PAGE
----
Critics’ Picks

Meredith James, A stand of roadside cholla against which small birds had been driven by the storm and there impaled, 2010, lamp, lightbulb, grow light, wood, sand, cacti, magic sculpt, crow wings, crow skull, plastic, acrylic paint, glass, oil paint, rocks, mirror, dimensions variable. Installation view.

Meredith James, A stand of roadside cholla against which small birds had been driven by the storm and there impaled, 2010, lamp, lightbulb, grow light, wood, sand, cacti, magic sculpt, crow wings, crow skull, plastic, acrylic paint, glass, oil paint, rocks, mirror, dimensions variable. Installation view.

New York

Meredith James

Marc Jancou | New York
24 West 57th Street 6th Floor
April 17–May 22, 2010

Meredith James’s first solo exhibition at this gallery is titled “Espalier,” which nicely captures the artist’s elaborate conceptual frameworks and her work’s natural charm. This rare combination might account for why James’s material investigations—which often consist of hermetic, media-based puzzles—seem so oxygenated. To make Six (all works 2010), for instance, James filmed the eponymous subway train through a small hole, zooming through this aperture as the train ground its way through Grand Central Station, and then refilmed the footage while it was projected onto a TV set that simultaneously played the film. The result is rear-projected here within a black box that resembles a view camera or a distended monitor, thus completing the concertina folds of perspectives, mechanisms, and surfaces that James expertly compresses and expands.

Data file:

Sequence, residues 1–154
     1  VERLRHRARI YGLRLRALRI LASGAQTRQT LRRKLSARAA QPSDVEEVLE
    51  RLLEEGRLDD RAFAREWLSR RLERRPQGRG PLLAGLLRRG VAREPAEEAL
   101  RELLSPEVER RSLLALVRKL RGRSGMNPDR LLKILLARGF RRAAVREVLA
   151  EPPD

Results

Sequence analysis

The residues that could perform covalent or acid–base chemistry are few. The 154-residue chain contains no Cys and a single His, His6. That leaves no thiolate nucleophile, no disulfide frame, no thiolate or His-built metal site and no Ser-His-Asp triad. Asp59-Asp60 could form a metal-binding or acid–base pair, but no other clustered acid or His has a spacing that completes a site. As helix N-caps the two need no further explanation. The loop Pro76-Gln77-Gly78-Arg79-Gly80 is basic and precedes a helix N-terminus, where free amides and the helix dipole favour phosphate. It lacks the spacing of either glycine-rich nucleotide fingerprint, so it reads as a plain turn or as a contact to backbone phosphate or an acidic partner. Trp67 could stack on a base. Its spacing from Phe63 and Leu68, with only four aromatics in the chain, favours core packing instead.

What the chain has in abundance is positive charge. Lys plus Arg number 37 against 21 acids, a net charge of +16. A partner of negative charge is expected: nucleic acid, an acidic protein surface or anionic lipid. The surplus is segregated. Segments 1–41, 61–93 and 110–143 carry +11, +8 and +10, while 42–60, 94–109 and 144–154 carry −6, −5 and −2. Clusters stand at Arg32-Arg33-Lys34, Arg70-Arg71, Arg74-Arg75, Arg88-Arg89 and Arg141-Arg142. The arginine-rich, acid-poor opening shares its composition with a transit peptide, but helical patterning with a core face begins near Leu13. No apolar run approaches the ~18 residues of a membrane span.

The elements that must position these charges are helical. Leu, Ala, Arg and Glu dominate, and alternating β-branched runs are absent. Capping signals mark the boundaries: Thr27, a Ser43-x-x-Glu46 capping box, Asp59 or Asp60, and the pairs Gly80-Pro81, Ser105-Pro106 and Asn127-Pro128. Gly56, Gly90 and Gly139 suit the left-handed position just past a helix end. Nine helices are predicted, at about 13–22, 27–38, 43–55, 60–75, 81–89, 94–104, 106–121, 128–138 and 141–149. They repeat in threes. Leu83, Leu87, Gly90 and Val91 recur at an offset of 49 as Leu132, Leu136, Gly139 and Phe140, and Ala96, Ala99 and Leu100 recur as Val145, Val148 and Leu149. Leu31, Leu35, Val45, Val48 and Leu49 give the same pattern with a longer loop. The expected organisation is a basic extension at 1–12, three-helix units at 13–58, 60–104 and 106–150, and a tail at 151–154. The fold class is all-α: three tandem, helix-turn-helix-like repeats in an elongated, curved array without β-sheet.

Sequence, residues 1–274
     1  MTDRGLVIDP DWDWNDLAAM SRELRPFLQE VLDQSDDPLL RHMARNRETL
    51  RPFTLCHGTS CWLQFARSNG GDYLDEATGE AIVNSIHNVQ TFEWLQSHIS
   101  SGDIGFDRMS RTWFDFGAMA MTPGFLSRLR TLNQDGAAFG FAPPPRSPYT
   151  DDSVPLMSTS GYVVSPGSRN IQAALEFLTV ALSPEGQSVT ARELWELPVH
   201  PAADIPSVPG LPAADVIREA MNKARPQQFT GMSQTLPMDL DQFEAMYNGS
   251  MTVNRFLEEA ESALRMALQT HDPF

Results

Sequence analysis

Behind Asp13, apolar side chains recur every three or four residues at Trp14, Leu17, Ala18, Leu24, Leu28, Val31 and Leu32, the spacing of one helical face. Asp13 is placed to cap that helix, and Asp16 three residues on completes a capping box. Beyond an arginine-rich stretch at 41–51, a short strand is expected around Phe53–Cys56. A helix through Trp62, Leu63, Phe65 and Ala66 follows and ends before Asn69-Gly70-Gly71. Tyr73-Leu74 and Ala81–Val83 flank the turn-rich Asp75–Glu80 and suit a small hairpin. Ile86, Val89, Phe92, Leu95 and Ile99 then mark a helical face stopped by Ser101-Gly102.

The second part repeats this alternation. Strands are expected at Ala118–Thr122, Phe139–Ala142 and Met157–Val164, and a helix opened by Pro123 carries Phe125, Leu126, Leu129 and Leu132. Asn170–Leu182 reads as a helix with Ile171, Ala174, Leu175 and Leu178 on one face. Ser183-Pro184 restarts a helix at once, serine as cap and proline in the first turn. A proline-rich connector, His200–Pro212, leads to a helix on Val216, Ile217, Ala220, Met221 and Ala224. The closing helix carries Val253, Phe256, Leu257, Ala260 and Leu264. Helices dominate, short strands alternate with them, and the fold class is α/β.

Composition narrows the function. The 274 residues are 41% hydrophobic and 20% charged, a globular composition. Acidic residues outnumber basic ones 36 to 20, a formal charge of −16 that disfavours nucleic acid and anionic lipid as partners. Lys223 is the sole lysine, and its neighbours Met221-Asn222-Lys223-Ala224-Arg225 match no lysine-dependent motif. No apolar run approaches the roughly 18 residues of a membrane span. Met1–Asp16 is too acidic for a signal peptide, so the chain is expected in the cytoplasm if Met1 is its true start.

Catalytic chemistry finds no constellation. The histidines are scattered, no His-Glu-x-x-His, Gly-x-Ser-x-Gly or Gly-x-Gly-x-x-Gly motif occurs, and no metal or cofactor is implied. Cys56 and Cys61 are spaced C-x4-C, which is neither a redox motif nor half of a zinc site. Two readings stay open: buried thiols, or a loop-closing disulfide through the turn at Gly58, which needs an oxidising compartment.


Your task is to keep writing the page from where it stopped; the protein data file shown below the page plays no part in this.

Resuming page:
Whereas Six accumulates apparatuses, a series of “Cuckoos” rigged to sluggish metronomes are presented without their clock armature, function, or punctual song (instead the metronome arms unmelodiously open and shut their beaks and wings). Watching the old birds, all worse for the wear but endowed with a tetchy kernel of personality, is like being backstage at Disneyland. James has walled off most of the gallery’s back room, concealing it but for a short tunnel laboriously constructed out of reclaimed windows, and a diorama titled A stand of roadside cholla against which small birds had been driven by the storm and there impaled, which imparts all the surprise renounced by the retired cuckoos: Through a hole in the center of a desert scene, one glimpses cacti and an uncanny blackbird that—startlingly—stares back. The title is a description from Cormac McCarthy’s 1992 novel All the Pretty Horses; however, considering the telescoping perspectives and deceptive simplicity of James’s show, another line comes to mind: “When the blackbird flew out of sight / It marked the edge / Of one of many circles.”